In March 2020, I returned to O’Hare from a vacation in Guatemala with a renewed sense of appreciation for where my journey had taken me thus far. I’d just returned from a three-week vacation reflecting on my eight years as a flight attendant. Life hadn’t turned out the way I had seen it, but it had provided me with so many of the things I genuinely desired: Independence, joy, and genuine relationships. I was still tripping and stumbling along the way, I was even getting better at learning how to just be, despite circumstances. Then the world around me slowed down before coming to a sudden, screeching halt.
The night before my first work trip after vacation, I sat down in front of my computer to catch up on company emails and national news. While I was away, I hadn’t paid too much attention to what was going on in other parts of the world. I perused reports of several school closings and a couple of localized outbreaks of a virus from China that resembled the flu. In my inbox were friendly corporate reminder emails encouraging flight attendants to wash their hands more often in light of recent events.
My first flight back on duty was surprisingly empty with only 30 or so passengers heading to Baltimore. My crew shared with me that most of the flights they had worked had been unusually empty for the past few days. As I greeted boarding passengers, I noticed only a handful wearing masks. Several wiped down their seats and tray table with sanitizing wipes before sitting down. As a crew, we washed our hands with more frequency. Some wore gloves.
More schools across the country were beginning to close. Travel to China was suspended. Travel to Europe was suspended. The last flight of my trip was full of international passengers with connecting flights, returning from overseas. In the small space, I tried to keep my distance from the flight attendant commuting home from overseas. She chatted it up with other crew members about the long lines in customs and the screening exemptions for the crew, including herself.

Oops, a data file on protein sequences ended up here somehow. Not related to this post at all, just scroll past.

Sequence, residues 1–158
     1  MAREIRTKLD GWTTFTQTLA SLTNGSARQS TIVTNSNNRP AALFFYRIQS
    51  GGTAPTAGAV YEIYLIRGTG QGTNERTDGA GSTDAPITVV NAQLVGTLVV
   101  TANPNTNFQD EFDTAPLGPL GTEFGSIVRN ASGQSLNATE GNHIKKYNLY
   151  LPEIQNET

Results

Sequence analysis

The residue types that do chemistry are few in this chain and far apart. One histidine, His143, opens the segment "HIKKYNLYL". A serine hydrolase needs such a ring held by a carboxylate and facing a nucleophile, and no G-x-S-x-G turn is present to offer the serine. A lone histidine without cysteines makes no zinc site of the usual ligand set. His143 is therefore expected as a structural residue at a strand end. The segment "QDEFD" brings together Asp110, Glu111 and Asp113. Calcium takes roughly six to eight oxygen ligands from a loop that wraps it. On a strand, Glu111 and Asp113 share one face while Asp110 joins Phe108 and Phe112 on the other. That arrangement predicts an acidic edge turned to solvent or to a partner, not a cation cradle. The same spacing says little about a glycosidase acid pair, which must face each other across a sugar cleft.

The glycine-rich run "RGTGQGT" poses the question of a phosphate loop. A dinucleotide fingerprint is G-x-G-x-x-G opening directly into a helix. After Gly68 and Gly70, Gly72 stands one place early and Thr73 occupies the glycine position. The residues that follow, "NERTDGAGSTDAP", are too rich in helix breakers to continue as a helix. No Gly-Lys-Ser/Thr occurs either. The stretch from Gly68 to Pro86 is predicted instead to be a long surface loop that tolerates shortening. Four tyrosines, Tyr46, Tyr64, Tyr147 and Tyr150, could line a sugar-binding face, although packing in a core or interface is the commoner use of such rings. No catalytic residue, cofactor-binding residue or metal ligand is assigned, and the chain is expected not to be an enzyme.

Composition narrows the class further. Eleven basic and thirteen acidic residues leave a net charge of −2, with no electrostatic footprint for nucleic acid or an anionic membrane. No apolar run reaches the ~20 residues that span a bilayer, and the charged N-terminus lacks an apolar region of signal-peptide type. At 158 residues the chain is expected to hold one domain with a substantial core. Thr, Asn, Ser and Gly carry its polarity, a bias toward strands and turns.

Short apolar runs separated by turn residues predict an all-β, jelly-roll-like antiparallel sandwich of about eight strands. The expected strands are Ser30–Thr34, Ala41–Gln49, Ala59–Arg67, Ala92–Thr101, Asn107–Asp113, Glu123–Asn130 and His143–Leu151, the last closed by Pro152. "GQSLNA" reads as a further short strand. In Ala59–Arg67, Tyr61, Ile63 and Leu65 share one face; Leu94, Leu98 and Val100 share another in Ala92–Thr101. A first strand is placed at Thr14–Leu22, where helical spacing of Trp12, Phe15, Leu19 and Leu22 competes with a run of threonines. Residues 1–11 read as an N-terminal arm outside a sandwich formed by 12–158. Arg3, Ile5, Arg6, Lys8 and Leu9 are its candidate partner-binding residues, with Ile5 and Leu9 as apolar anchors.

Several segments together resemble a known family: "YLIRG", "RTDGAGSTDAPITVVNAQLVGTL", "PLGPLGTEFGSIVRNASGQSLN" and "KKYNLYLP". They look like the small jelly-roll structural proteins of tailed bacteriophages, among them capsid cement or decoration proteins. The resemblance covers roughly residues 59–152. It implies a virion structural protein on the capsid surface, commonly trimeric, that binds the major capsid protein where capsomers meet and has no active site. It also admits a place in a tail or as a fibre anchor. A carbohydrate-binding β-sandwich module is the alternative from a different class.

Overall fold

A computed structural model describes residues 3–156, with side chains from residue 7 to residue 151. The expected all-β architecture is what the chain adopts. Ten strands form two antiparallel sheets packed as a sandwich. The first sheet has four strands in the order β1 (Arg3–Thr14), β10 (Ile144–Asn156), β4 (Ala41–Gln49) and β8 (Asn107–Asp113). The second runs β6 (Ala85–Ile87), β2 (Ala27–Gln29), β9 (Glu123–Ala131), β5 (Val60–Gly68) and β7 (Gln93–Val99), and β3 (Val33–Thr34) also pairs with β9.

New York went on lockdown. But if this virus was spreading, all the hand washing in the world wouldn’t prevent flight attendants from getting sick, as we were required to sit shoulder to shoulder on the jump seat with co-workers who were exempt from screening so they could quickly get to their next flight. As I walked down the aisle pouring drinks and collecting trash, I cringed whenever I heard a passenger cough, sneeze, or sniffle.
I monitored the Facebook groups for airline employees. Flight attendants’ posts from Jet Blue, United, Southwest, Delta, American. Not feeling well. Sick. Trying to get tested. Exposed. Quarantined in hotels. Alone.
As Chicago shut down, flight attendants were classified as essential workers. We were exempt from curfews. We could go to work and transport spring breakers returning from Florida. But, for the first time, I didn’t feel safe going. From home, I checked the news constantly and read new work emails as they came in. More changes and new in-flight service procedures were being implemented each day. Friendly reminders were now bleak, grim statements about unprecedented financial losses. More reports of sick flight attendants appeared in private Facebook groups, along with photos of unsafe, crowded flights. Flight attendant death notices began showing up in the group feed.
When the seatbelt sign is on, half of our job is constantly informing passengers that it’s not safe to move about the cabin. During takeoff, landing, and turbulence, we instruct them to remain seated. Despite the illuminated sign and repeated announcements, there’s always at least one passenger on every flight who gets up anyway. It’s not safe to be up and about. But for whatever reason, these passengers are willing to take their chances.
I’m not willing to take my chances. I haven’t been working for more than 30 days now. I’m at home, on leave. Most of the time, I sit on my couch. I sit at my desk. I sit on the floor and meditate. I never imagined being a flight attendant, and now I can’t imagine not being a flight attendant. But, as I lean into uncertainty and an unimagined future, I’m okay with sitting down and staying strapped in until the turbulence subsides.